What is odd to me is that I get assorted leg pain when my legs are at rest - for example today when my PT was checking out my hip flexibility he was pushing on the outside of my hip and it hurt in my groin area. Or I wake up in the night with my hip aching (whichever side I am lying on) but so is a portion of my calf below my knee. I know it is just referred pain, and I do have some neurotension in my calves, but it is just odd. At least he does not think that my back is part of this at all, for which I am thankful.

So I will keep doing his stretches and exercises, keep listening to my trainer, and keep putting one foot in front of the other.
indysteel2011-02-06 23:56:02 +0000 #6
The worst of my hip pain was when I was sitting or sleeping. Interestingly, riding my bike didn't really hurt.

I don't begin to understand it all. I just know that our bodies compensate for weakness, injury and the like in some really intersting ways, some of which lead to pain. That's what made me think that your saddle being too low (if I remember your last mention of the subject, it was still an inch too low--which is a lot) might be a contributing factor as you're limiting your leg and hip's natural range of motion. Something within you might be overcompensating for that.

With that, I totally and otherwise defer to whatever Knotted may have to say!
BleeckerSt_Girl2011-02-06 23:49:42 +0000 #7
When I stop doing my 3-5 mile brisk fitness walk once or twice a week, I slowly begin to get achiness in my hip joints back again, regardless of whether I'm biking a lot or not. I start to feel creaky and achy in the mornings, especially in my hip joints. (I'm 56)

When you are biking, your leg never really gets flexed back behind you, like it does when you walk vigorously. Biking just doesn't do for my hips what regular brisk walking (with long strides) does. Once I start regular fitness walks again, my hip joint aches go away again.

Just something to consider.
Catrin2011-02-07 00:33:27 +0000 #8
Quote:

Originally Posted by indysteel

The worst of my hip pain was when I was sitting or sleeping. Interestingly, riding my bike didn't really hurt.

I don't begin to understand it all. I just know that our bodies compensate for weakness, injury and the like in some really intersting ways, some of which lead to pain. That's what made me think that your saddle being too low (if I remember your last mention of the subject, it was still an inch too low--which is a lot) might be a contributing factor as you're limiting your leg and hip's natural range of motion. Something within you might be overcompensating for that.

With that, I totally and otherwise defer to whatever Knotted may have to say!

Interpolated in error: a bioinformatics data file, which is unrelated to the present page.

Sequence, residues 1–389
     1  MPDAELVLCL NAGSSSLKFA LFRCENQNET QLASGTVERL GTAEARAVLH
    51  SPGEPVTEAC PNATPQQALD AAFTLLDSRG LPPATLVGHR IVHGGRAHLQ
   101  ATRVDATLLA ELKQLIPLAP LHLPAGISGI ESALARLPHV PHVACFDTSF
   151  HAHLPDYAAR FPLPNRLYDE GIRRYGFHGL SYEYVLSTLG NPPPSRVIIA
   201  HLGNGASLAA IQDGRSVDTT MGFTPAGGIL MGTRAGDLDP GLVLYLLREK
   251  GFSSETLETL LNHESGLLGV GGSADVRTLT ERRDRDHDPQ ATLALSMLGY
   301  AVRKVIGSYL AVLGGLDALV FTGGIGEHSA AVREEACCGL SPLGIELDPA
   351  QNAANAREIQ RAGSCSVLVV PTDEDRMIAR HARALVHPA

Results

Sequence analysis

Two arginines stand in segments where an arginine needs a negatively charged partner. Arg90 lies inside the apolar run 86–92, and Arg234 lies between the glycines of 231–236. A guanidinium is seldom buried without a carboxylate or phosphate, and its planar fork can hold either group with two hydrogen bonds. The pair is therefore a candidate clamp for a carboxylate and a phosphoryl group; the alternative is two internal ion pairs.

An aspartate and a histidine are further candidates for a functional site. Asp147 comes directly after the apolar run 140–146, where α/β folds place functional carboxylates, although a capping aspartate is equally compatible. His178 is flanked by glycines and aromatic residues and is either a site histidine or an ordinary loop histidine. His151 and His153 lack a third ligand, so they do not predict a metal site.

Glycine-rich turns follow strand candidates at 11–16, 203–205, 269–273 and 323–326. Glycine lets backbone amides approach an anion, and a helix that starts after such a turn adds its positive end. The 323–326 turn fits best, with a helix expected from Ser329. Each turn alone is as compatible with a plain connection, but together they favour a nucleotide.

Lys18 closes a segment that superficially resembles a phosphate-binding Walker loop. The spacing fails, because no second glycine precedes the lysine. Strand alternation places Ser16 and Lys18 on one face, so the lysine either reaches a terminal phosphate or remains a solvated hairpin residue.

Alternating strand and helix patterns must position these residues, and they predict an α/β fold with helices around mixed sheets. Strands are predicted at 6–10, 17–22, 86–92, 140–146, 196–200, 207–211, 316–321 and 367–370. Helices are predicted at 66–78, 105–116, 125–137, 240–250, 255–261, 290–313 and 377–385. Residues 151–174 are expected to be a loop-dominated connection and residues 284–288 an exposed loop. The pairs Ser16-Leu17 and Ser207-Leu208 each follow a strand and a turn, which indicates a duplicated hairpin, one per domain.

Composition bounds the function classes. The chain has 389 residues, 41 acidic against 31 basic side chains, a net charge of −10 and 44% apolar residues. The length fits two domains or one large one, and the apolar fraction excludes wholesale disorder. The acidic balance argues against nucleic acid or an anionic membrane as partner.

This certainly could be contributing, though I've been able to ride so rarely since early October that I wonder how much of a factor this could be currently. My PT thinks it may well have contributed to the original hamstring injury in September, but not the quad injury. It has been almost 3 weeks since my last ride

Now that I feel well enough to ride, the weather is conspiring against me - or at least it feels that way sometimes. I can't remember how low my saddle still is, but I do think that it is less than an inch now.

Quote:

Originally Posted by BleeckerSt_Girl

When I stop doing my 3-5 mile brisk fitness walk once or twice a week, I slowly begin to get achiness in my hip joints back again, regardless of whether I'm biking a lot or not. I start to feel creaky and achy in the mornings, especially in my hip joints. (I'm 56)

When you are biking, your leg never really gets flexed back behind you, like it does when you walk vigorously. Biking just doesn't do for my hips what regular brisk walking (with long strides) does. Once I start regular fitness walks again, my hip joint aches go away again.

Just something to consider.

Hmmm, good point. I have no stiffness, and while my right leg is less flexible than the other, my flexibility is pretty good. I just get these strange pains, some of which is quite obviously in my hip. It isn't very bad though. just enough for me to notice. Your point about the range of motion involved in brisk walking is a good one.

Back when I was not allowed to do any cardio work at all - all I COULD do was walking, so have developed the habit of a 20-30 minute walk around the track prior to all training sessions or spinning class to help my legs warm up. I will keep this in mind and expand it to see how a good fitness walk once or twice a week might help me. Running is out of the question, so this might be a good alternative.

I do hope that Knotted reads this and gives her perspective

I think it is a good sign that my physical therapist thinks that I've improved enough to stop seeing him - outside of a couple of sessions in January in case we want to try a couple of medication applications to the sole quad tendon that hasn't yet healed - I forget what it is called but the medication is applied directly to the skin via a patch ... iontophoresis? Something like that.